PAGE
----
November 19, 2013

Exploring the Entrepreneurial Ecosystem

Forecasting Trends

brightspot recently held a roundtable on “Creating an Entrepreneurial Ecosystem” – a conversation on how to foster entrepreneurship on campus, in the office, and online. We were excited to bring together a diverse audience to share lessons learned, challenges and best practices in supporting entrepreneurs across sectors and various stages of development.


The event brought together participants with a range of perspectives on how to support entrepreneurship, from academic institutions with incubators, centers, and innovative programs (including NYU Poly, Parsons, Pratt, Cornell Tech, Pace, Batten School, and Baruch), to organizations providing ongoing education and development (including General Assembly and Google), to New York City private and public organizations providing unique resources (including NYCEDC, NYPL, Harlem Biospace, and New Lab).


We walked away from the event energized about the future of entrepreneurship in New York, and the impact entrepreneurs are having on their schools, organizations, and communities. We wanted to share some of our key takeaways from the day, illustrated with some awesome visual notes taken by MJ Broadbent:

1. Entrepreneurship is becoming a part of core curricula: Increasingly, academic institutions are providing students with the skillset to enter a workforce driven by innovation and problem solving. As of July 2012, there were more than 2,000 colleges in the US (two-thirds of the total) who offered courses on entrepreneurship (Kauffman Foundation), as well as an increasing number of Centers and Incubators giving students the opportunity to prototype and test new ideas. There are a wide range of services that students are looking for – some are interested in building a skillset that can be applied to different careers while others are looking to build a business. Universities have responded by developing a range of programs and services to support these students.

As one example, NYU provides numerous programs along the key steps in the entrepreneurship journey –  from inspiring and educating to accelerating and funding. As Micah Kotch, Director of Innovation and Entrepreneurship at NYU Poly, put it nicely: “Entrepreneurship is the Home Ec of the 21st century.” The conversation led to a key question: how can academic institutions best support the varying demands of their students while creating a positive impact?


2. New academic models are emerging: There are an increasing number of fast-paced, affordable resources and educational programs available to provide individuals with the skills they need to start a business or new career path. General Assembly’s co-founder, Brad Hargreaves, explained that GA built an international business by providing quick, affordable, goal-oriented courses, teaching the skills sought by large and small corporations. Their business model enables GA to quickly adapt their programs to respond to both student interest and market demands.

Roundtable participants were interested in how academic institutions can learn from GA’s framework and become more agile in responding to the market. The discussion also raised the question of how to strike the balance between teaching individuals to think and solve problems and instructing them on the skills and tools they need to be employable.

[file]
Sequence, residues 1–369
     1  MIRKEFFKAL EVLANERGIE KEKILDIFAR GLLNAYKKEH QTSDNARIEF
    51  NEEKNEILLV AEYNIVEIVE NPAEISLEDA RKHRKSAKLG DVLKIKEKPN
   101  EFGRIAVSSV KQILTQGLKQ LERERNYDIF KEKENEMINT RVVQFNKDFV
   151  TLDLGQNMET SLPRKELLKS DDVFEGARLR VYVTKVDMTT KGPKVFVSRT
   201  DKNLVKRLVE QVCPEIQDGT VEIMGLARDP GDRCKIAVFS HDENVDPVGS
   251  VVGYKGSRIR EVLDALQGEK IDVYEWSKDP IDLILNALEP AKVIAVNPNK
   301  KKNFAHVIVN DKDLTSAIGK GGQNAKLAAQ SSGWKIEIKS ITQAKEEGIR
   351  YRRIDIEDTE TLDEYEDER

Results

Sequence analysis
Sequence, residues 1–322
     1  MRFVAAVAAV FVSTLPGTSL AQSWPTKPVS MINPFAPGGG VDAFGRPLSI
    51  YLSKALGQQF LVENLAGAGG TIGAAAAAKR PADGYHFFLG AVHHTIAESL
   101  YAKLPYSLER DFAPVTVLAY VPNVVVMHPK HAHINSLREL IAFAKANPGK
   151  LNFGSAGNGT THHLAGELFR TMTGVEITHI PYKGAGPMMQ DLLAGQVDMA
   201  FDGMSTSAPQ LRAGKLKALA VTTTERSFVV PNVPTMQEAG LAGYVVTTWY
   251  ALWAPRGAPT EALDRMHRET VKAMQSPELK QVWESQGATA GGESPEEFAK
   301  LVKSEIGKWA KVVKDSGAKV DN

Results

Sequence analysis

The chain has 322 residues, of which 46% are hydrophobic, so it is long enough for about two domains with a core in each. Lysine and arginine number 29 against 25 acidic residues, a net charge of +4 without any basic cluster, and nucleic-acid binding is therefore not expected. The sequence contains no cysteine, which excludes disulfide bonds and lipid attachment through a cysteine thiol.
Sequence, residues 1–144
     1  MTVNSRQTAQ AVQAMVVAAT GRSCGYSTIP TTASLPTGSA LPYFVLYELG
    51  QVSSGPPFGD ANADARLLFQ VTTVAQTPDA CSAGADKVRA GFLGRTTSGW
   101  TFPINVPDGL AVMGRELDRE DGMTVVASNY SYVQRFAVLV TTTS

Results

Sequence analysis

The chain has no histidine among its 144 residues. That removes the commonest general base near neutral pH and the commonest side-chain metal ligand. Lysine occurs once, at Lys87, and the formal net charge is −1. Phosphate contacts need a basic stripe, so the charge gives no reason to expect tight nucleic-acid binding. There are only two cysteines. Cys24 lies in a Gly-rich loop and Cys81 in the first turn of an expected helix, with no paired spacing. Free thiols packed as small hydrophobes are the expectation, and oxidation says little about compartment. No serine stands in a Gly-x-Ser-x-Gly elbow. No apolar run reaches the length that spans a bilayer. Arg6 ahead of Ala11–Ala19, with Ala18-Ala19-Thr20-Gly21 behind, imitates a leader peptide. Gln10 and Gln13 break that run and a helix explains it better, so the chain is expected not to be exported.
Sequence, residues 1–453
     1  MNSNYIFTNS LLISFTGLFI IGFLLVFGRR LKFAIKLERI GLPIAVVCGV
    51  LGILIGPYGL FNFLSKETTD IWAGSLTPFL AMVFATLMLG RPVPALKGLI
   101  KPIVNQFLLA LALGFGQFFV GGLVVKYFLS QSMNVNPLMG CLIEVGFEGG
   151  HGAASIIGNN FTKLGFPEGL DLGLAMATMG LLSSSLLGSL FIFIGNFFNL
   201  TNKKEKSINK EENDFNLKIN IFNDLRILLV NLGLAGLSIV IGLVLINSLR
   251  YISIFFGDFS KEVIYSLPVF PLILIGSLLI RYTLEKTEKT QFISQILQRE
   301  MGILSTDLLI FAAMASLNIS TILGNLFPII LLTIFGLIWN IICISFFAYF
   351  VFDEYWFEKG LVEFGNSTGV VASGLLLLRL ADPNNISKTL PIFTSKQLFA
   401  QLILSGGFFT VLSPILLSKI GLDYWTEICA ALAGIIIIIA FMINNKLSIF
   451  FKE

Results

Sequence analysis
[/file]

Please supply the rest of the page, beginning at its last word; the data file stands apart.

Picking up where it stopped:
3. The entrepreneurial mindset: Entrepreneurs rely on an assortment of tools and resources to run their business. As presenter Mark Raheja, Strategy Director at Undercurrent, pointed out, entrepreneurs have to wear different hats and often have to make decisions in areas where they aren’t experts. At these critical decision points they often seek out advice and guidance from their mentors and individuals throughout their network. As the industry grows, they are looking for a wider networks to source information and share ideas.

Mark shared a case study of American Express OPEN Forum, a new tool that provides access to resourceful guides and an online community. Participants from academic institutions emphasized the value that direct connections can have on the development of entrepreneurs – giving them access to alumni who have been successful in achieving their goals. What is the right balance between these two approaches?


4. New York City’s ecosystem isn’t mapped yet: While some organizations are forming partnerships among and across sectors (e.g. NYCEDC and GA’s recent partnership to develop NYC Media Lab, HEC Paris and Google’s partnership to create a HEC@google chair, etc.), the community seems to lack a shared understanding of the resources available to them. There are a number of existing citywide resources, such as the New York Public Library, can could be further leveraged to connect individuals, resources and organizations. As NYC’s entrepreneurial community grows and evolves, how can the community relate to the larger context of entrepreneurship in the US and internationally?

We look forward to continuing the conversation through subsequent roundtables and workshops. If there are topics that you are interested in exploring with brightspot and our extended network, please send them to

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